Along with Desmond Tutu at the museum was Gro Harlem Brundtland. She was the first woman Prime Minister of Norway and serves as Deputy Chair of The Elders. Also attending was Hina Jilani a renowned lawyer and pro-democracy campaigner. She is a leading activist in Pakistan’s women’s movement. She has dedicated her life to fight for human rights around the world.

And as for the “Bishop Tutu?” Well it certainly wasn’t Emily though it was her grandson who Desmond Tutu was enthralled with. Hence the Kodak moments. But Bishop Tutu it was. He was the Archbishop Emeritus of Cape Town, and awarded the Nobel Peace Prize  in 1984 for his work in the struggle against apartheid.

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Desmond Tutu. I am not sure if the woman behind him was one of his daughters.

Well you know I wasn’t exactly introduced to him.

ImageSeated to the right of Desmond Tutu are, Gro Harlem Brundtland and Hina Jilani

And no I am not in the photo but just as happy to be able to have taken it.

Out of the Mouth of Babes

I must be getting very old. Not because I just had a birthday. Yes, there is no rest for the wicked as I continually have birthdays. I’m getting old because I am actually beginning to enjoy giving tours to the little kids. They have warn me down. They have won me over and I actually prefer them now to giving the adult tours. It must have been that group hug that I got from all of the kids in  a past tour. I actually felt energized after that.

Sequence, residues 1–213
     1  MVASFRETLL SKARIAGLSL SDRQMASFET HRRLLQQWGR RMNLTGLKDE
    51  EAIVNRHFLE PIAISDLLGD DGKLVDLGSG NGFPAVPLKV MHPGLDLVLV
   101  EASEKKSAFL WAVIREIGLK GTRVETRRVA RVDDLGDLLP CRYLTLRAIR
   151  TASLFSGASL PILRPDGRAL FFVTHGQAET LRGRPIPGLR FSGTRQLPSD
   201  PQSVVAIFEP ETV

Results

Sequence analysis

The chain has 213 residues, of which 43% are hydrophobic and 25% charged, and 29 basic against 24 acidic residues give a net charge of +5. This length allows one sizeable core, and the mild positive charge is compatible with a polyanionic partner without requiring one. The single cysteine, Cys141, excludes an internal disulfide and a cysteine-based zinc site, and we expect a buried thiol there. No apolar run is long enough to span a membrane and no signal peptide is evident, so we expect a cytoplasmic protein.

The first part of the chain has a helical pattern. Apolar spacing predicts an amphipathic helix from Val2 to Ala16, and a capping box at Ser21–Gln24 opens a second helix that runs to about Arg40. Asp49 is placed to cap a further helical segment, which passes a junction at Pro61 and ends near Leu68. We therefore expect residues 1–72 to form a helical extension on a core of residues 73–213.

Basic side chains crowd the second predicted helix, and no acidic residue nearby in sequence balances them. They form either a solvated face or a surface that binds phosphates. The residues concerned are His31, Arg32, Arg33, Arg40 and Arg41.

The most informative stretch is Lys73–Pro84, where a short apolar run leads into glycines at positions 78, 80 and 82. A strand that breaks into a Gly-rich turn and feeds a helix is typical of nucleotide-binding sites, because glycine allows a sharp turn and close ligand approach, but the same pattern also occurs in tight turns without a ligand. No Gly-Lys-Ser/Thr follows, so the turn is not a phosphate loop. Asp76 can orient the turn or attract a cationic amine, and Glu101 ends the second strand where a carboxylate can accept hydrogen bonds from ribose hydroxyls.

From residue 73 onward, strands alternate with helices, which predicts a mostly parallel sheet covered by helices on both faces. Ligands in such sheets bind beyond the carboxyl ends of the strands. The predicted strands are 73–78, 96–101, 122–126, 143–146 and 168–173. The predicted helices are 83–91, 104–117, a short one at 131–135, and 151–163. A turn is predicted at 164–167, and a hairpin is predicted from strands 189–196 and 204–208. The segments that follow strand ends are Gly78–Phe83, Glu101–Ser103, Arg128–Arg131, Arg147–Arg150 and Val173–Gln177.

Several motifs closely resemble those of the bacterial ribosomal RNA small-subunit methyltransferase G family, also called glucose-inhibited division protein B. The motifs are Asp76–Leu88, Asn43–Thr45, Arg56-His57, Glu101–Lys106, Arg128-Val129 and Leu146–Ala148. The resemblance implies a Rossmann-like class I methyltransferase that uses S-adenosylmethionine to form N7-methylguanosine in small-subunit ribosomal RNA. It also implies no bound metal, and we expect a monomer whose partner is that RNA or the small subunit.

I’ve come a long way since the time when I was giving a tour to pre-schoolers. I was talking about the Lei made of human hair and a whale’s tooth only to look down and see all of the kids were watching their friends two floors below and not a one was listening to me. (See photo below)

P1000025  You have to be quite tricky and interesting to compete with Kamohoalii, the shark god who accompanied Pele from Tahiti to Hawaii.

  I have found that it is much more of a challenge and takes quite a bit of studying to find information that will keep their attention. Last week I did a tour for a Hawaiian Immersion school. Normally they are done by Hawaiian speaking guides but scheduling did not allow for that.